At 30 years old, tropical agronomist Willy Mboukem from Cameroon, is starting his own agribusiness consultancy agency. The Farming Agency aims to help people become more productive in agriculture, and will teach farmers how to use drones and grow organic crops. Whilst studying for his masters, Willy was introduced to CTA and Spore magazine. He tells us what impact this had had on himself and others.
I first came across Spore magazine when I was studying a master’s degree in tropical agronomy at the Higher Institute of Agronomy of Lisbon in Portugal. One of my professors, Dr Manuel Correia, was also Chairman of the Executive Board of CTA, so he sent us the newsletter from Spore each month to help us learn about new techniques. After completing my masters, I went to work in São Tomé at a 400 ha cocoa plantation. The operation was pretty big. The farm produced different tropical fruits and vegetables as well as cocoa, and it also ran a restaurant and a guest house.
The director of the plantation was already using Spore so there were magazines readily available. I also took with me a box of CTA resources published in Portuguese, including some Agrodox books, which I used to create a library for all of the workers on the plantation. One of the most important things about this information from CTA was that it was focused on the tropical world and ACP countries in particular, so it was all relevant information that could be applied in São Tomé.
I became director of the plantation 3 months after I arrived. I carefully reviewed all the topics covered in Spore and other CTA publications to improve productivity on the farm, but the topic that I found to be most useful was livestock management, including how to rear rabbits. I used these books in particular to help the farm workers start small businesses. The plantation would give the workers some money to start the business and, if they were successful, they would continue to provide them with some financial support. Another interesting topic was compost making; how to use what we already had on the farm to make really rich organic fertiliser. We used the compost in our vegetable gardens and to create cocoa seedlings.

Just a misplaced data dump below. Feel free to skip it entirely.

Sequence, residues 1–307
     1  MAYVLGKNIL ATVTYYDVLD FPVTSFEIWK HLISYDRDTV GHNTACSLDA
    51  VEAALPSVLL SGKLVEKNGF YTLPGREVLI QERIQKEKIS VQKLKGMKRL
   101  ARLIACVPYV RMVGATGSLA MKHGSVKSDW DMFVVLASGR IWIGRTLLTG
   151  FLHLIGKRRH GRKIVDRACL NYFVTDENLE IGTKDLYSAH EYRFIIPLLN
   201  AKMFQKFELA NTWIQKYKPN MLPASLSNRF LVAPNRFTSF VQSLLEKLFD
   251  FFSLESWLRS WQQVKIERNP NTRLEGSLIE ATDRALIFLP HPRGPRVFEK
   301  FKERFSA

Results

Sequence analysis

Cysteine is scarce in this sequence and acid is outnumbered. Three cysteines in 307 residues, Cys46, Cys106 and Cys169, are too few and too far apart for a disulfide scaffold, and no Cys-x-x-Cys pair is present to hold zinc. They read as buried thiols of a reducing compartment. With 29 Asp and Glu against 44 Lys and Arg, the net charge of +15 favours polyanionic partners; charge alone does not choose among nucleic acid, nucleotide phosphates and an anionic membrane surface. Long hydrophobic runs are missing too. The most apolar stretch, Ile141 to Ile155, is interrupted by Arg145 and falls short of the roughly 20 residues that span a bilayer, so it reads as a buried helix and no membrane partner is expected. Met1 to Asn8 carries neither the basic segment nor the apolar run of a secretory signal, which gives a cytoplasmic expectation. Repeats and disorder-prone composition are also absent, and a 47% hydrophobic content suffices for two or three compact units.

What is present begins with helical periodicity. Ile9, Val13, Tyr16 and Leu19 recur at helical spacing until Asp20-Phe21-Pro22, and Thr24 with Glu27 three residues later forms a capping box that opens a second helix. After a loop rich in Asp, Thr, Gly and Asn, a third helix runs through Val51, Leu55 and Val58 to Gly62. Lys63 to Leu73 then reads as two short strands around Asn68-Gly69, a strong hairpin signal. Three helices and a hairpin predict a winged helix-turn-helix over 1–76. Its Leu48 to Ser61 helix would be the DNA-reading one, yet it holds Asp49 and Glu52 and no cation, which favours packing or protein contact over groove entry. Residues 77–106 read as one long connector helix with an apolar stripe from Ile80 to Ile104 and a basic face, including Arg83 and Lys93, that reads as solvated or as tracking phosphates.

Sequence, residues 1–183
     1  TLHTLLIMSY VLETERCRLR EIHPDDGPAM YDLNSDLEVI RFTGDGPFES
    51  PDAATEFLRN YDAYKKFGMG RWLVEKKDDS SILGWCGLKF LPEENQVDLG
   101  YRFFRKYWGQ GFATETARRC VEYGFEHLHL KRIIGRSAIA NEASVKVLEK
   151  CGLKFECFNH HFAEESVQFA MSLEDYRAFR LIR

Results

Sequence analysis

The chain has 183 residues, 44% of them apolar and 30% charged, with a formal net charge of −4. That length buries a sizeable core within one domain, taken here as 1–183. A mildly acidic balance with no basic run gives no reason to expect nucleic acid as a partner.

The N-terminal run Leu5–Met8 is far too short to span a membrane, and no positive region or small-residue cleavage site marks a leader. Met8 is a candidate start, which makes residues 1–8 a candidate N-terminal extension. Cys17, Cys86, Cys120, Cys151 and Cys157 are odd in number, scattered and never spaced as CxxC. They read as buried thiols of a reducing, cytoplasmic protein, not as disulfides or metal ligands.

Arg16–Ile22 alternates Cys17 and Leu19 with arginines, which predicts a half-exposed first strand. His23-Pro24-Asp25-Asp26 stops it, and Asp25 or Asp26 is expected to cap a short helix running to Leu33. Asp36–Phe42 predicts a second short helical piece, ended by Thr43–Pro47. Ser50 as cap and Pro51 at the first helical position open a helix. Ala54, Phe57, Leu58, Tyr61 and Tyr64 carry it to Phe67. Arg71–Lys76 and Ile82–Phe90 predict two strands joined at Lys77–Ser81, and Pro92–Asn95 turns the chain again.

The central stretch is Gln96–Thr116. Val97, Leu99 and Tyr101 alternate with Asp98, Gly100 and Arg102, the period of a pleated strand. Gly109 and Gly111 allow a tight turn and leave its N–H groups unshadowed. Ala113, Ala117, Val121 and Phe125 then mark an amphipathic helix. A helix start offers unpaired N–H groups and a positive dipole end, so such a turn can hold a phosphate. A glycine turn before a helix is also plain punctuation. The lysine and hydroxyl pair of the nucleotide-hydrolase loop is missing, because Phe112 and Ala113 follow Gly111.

I no longer work at the plantation, but I know that my library still continues. The farm is in a remote, rural area where it is difficult for people to access information, so the library has had a really big impact – especially for the youth, who can access the books they need to set up their own businesses and become financially independent. The plantation has also made it mandatory for the 15-20 managers to spend a few hours in the library each week to research how to better care for the farm livestock through, for example, planting different types of grasses to improve nutrition.
For about 2 years now I have been podcasting about supply chains and value creation in Africa and, in 2019, I attended the African Green Revolution Forum in Accra, Ghana as a journalist. It was really amazing to meet CTA’s Director, Michael Hailu, at the media briefing. He made himself available and we talked about chocolate processing and the use of CTA material. It was a really good surprise.
I was shocked and saddened to hear that CTA is closing because no other organisation produces the same kind of information. In Africa, the majority of people work in agriculture, and one of the things we really need is knowledge about how we can do things in a different, more efficient way. Thankfully, most of CTA’s publications are freely available online, on CGSpace, so I hope that future generations will continue to find them and benefit from all of the practical and impactful information.